U2’s McGuinness: Still a moron

Another month, another rant from U2’s longtime manager Paul McGuinness, about how everyone else is to blame for the music industry’s problems, except of course the music industry and the major record labels. Primarily, he blames the Internet service providers — whom he compares to “shoplifters” and says are “rigging the market” — but he also tosses a few grenades at cellphone handset makers, telecom companies and (as far as I can tell) everyone other than your Mom (and he’s keeping a pretty close eye on her too). Seriously — why can’t Bono or the Edge or someone get this guy to sit down and shut up?

McGuinness’s latest rant was a sort of micro version of his speech at the Midem conference in Cannes, in which he said:

“Network operators, in particular, have for too long had a free ride on music — on our clients’ content. It’s time for a new approach — time for ISPs to start taking responsibility for the content they’ve profited from for years.”

This is the music industry’s equivalent of newspaper mogul Sam Zell’s rant about how Google is “stealing our content” and should be forced to pay. And McGuinness thinks that if ISPs don’t cough up some dough, then they should all be forced to do so by the government (something others — including in Canada — have recommended as well). While we’re at it, why not force gun manufacturers to pay a fee to the financial industry because occasionally someone uses one of their products to rob a bank? There is no rational basis for what McGuinness is suggesting, other than the sheer desperation of the music industry.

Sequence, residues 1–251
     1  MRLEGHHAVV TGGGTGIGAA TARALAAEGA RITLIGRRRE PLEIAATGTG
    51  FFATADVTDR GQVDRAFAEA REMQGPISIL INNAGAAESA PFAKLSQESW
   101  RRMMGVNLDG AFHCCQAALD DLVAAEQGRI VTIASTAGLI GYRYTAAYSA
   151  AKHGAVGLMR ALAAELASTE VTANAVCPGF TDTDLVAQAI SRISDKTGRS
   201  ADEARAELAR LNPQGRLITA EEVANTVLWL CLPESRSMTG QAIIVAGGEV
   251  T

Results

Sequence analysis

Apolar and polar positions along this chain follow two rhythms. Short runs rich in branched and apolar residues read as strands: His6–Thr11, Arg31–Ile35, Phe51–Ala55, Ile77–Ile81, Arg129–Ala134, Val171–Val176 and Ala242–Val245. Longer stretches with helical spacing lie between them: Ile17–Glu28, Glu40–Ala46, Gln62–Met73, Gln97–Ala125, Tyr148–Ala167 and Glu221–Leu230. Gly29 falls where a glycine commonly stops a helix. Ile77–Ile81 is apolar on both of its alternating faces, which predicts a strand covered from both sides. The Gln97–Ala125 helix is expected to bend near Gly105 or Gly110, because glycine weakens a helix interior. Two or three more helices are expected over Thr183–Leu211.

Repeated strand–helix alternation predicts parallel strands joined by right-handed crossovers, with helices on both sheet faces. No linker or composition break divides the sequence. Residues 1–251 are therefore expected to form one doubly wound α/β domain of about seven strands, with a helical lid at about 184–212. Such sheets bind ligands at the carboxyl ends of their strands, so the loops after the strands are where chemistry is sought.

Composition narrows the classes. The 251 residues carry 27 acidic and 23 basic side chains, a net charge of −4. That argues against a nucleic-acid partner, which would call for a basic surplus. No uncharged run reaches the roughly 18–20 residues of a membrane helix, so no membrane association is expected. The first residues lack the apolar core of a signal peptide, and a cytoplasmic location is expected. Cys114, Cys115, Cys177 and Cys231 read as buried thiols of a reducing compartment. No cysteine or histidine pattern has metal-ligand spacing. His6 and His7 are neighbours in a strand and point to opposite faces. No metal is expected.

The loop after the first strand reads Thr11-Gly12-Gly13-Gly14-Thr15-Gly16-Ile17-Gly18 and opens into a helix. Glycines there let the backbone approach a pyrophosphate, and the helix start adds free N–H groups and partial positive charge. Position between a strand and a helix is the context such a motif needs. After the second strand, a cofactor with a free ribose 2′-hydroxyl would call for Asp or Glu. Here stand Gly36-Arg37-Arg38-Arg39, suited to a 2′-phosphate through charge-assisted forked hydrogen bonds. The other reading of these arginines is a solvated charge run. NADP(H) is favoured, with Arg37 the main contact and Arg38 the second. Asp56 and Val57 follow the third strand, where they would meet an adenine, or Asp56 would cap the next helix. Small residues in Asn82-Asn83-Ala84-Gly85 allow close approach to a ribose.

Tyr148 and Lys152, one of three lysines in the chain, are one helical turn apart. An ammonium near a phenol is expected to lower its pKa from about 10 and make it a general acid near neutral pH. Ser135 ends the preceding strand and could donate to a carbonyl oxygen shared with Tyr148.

The same goes for the plan that Jim Griffin has been hired by Warner to try and set up, in which users would pay an “Internet tax” (yes, I realize it doesn’t meet a lot of the technical requirements of a tax, but I’m using the term in the sense of a “forced payment”). The Electronic Frontier Foundation and others have proposed a more voluntary arrangement, in which music fans could pay a monthly fee for the right to download at will, in much the same way that the radio industry was legalized through a compulsory licencing system. That’s something that might be worth talking about — but not with Paul McGuinness.

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